(Original post by Hype en Ecosse)
You have to be careful with your wording of this.
Darwin was born and raised a Christian, and actually went to university to study theology because medicine didn't interest him. But during his voyages on the HMS Beagle and after the death of his daughter (Annie?) he found it harder and harder to maintain a belief in God.
After looking at life as a whole, and all the different mechanisms and the absolute cruelty that is nature he decided that it was unlikely that there was a god, as the only god he knew was the God of the bible, which is described as an all-loving necessary being.
"with respect to the theological view of the question: This is always painful to me. I am bewildered. I had no intention to write atheistically, but I own that I cannot see as plainly as others do, and as I should wish to do, evidence of design and beneficence on all sides of us. There seems to me too much misery in the world. I cannot persuade myself that a beneficent and omnipotent God would have designedly created the Ichneumonidae with the express intention of their feeding within the living bodies of caterpillars or that a cat should play with mice... On the other hand, I cannot anyhow be contented to view this wonderful universe, and especially the nature of man, and to conclude that everything is the result of brute force. I am inclined to look at everything as resulting from designed laws, with the details, whether good or bad, left to the working out of what we may call chance."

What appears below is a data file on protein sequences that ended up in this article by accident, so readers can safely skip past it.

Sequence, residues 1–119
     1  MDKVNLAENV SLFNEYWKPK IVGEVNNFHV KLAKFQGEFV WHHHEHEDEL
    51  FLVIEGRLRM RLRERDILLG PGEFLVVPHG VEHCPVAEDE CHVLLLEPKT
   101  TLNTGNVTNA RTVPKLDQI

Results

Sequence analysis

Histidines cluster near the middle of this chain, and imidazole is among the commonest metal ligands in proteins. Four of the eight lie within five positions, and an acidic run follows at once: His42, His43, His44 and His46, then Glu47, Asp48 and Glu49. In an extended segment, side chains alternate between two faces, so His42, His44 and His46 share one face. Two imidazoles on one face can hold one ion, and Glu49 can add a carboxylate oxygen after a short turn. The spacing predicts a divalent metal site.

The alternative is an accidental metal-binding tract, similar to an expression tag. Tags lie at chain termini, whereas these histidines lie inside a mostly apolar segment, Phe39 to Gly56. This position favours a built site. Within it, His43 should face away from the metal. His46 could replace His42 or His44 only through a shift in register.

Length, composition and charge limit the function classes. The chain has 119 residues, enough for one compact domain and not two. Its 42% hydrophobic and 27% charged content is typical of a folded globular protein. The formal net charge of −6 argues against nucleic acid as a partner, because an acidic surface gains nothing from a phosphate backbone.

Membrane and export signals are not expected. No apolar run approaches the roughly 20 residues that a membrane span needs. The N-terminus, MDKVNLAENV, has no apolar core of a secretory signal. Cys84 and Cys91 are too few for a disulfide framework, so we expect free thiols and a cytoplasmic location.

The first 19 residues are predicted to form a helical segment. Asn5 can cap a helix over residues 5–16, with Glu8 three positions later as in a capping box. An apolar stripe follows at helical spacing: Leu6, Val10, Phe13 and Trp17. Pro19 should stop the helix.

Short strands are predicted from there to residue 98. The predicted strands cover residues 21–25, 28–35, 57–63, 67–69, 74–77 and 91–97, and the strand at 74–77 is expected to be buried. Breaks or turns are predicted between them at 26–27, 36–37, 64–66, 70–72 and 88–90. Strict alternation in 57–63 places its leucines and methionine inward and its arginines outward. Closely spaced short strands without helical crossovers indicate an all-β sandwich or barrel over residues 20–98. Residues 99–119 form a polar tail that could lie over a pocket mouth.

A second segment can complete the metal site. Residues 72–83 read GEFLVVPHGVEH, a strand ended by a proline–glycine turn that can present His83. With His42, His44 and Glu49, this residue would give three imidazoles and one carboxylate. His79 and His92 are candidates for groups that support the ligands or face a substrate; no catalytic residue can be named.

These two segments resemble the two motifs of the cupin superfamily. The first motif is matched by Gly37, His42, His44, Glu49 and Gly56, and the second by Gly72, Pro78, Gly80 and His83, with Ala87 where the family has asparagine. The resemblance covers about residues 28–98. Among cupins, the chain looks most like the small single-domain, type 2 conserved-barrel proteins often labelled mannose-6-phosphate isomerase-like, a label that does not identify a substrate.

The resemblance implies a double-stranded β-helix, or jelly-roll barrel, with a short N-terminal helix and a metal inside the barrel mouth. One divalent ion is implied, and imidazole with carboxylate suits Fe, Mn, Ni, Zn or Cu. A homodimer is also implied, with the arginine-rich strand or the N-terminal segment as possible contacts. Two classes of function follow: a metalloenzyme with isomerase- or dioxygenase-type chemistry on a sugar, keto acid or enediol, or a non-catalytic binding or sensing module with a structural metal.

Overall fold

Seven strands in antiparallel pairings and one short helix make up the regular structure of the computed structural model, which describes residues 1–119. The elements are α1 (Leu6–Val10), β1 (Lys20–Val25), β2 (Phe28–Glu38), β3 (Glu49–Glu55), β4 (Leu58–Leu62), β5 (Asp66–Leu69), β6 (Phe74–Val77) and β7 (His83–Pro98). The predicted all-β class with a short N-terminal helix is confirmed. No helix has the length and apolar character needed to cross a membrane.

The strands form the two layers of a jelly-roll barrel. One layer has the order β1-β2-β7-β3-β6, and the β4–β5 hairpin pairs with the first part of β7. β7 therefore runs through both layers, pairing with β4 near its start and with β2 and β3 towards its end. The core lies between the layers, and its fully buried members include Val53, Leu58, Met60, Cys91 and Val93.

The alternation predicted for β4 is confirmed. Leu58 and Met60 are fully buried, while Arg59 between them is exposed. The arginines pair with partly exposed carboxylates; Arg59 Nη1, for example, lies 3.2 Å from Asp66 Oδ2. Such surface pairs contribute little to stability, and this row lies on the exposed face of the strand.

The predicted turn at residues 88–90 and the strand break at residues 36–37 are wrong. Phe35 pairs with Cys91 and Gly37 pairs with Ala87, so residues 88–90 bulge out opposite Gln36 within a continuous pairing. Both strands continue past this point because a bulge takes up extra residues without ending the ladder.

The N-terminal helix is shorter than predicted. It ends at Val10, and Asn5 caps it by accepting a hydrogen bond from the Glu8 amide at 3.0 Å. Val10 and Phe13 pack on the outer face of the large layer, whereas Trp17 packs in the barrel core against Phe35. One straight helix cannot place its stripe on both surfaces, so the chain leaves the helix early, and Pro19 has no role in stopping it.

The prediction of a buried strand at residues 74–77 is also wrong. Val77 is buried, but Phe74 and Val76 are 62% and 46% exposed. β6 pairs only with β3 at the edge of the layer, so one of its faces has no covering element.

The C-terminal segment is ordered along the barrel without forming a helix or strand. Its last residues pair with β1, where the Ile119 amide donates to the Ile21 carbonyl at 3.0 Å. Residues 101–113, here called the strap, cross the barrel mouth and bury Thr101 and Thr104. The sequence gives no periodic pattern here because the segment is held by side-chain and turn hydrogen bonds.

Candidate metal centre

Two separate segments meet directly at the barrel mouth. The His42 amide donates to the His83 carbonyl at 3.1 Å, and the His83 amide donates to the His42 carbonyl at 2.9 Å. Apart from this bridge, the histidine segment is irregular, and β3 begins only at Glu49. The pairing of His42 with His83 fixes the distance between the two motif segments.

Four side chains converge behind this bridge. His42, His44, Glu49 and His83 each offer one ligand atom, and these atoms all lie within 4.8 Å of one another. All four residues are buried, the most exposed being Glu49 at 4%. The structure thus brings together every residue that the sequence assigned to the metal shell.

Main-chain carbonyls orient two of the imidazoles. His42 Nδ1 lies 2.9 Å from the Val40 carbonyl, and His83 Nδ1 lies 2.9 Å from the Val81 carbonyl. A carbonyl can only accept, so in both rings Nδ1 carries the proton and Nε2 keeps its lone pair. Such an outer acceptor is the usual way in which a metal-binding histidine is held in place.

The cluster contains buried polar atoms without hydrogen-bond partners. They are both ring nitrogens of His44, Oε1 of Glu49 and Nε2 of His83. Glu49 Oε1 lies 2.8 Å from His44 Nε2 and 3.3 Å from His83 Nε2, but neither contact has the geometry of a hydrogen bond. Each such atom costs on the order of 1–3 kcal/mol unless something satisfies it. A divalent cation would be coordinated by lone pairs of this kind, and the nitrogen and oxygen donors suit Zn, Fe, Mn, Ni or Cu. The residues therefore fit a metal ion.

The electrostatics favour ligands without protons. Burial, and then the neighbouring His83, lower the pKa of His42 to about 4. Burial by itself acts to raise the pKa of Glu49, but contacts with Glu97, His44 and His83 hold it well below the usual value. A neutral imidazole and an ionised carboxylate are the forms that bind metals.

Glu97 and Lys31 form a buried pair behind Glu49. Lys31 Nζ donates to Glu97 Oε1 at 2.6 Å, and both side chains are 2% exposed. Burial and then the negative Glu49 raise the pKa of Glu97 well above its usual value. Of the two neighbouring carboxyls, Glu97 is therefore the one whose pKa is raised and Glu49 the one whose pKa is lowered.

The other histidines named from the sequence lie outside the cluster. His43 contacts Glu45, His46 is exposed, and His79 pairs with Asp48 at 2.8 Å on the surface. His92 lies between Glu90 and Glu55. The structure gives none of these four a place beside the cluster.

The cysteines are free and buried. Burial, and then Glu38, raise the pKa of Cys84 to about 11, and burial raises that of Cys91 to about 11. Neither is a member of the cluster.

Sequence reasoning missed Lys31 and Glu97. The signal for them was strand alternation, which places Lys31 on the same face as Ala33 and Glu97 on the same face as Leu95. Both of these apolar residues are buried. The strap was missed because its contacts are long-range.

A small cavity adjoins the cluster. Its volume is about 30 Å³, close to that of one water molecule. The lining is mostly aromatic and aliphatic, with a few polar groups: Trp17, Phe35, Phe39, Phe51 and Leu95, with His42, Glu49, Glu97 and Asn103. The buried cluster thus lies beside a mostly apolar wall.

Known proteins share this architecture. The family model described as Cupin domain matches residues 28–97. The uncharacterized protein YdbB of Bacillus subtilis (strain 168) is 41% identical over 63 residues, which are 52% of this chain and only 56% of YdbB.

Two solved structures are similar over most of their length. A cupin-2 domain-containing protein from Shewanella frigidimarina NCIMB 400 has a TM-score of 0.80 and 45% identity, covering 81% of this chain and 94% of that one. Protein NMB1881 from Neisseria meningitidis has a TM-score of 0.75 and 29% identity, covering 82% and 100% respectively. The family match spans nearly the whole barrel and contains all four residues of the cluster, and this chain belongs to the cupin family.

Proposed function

This was said in a letter to Asa Gray, a great botanist that Darwin knew. So as you can see, he never just ignored the possibility of God starting off evolution, he did heavily consider this and "[writing atheistically] is always painful to [him]"
He did come to the conclusion that it was unlikely that the God of the bible had created this, as what was written disagreed with what Darwin observed in nature. So he believed that God had no interference, but as any great scientist should, he never made an absolute statement and was open that he may be wrong.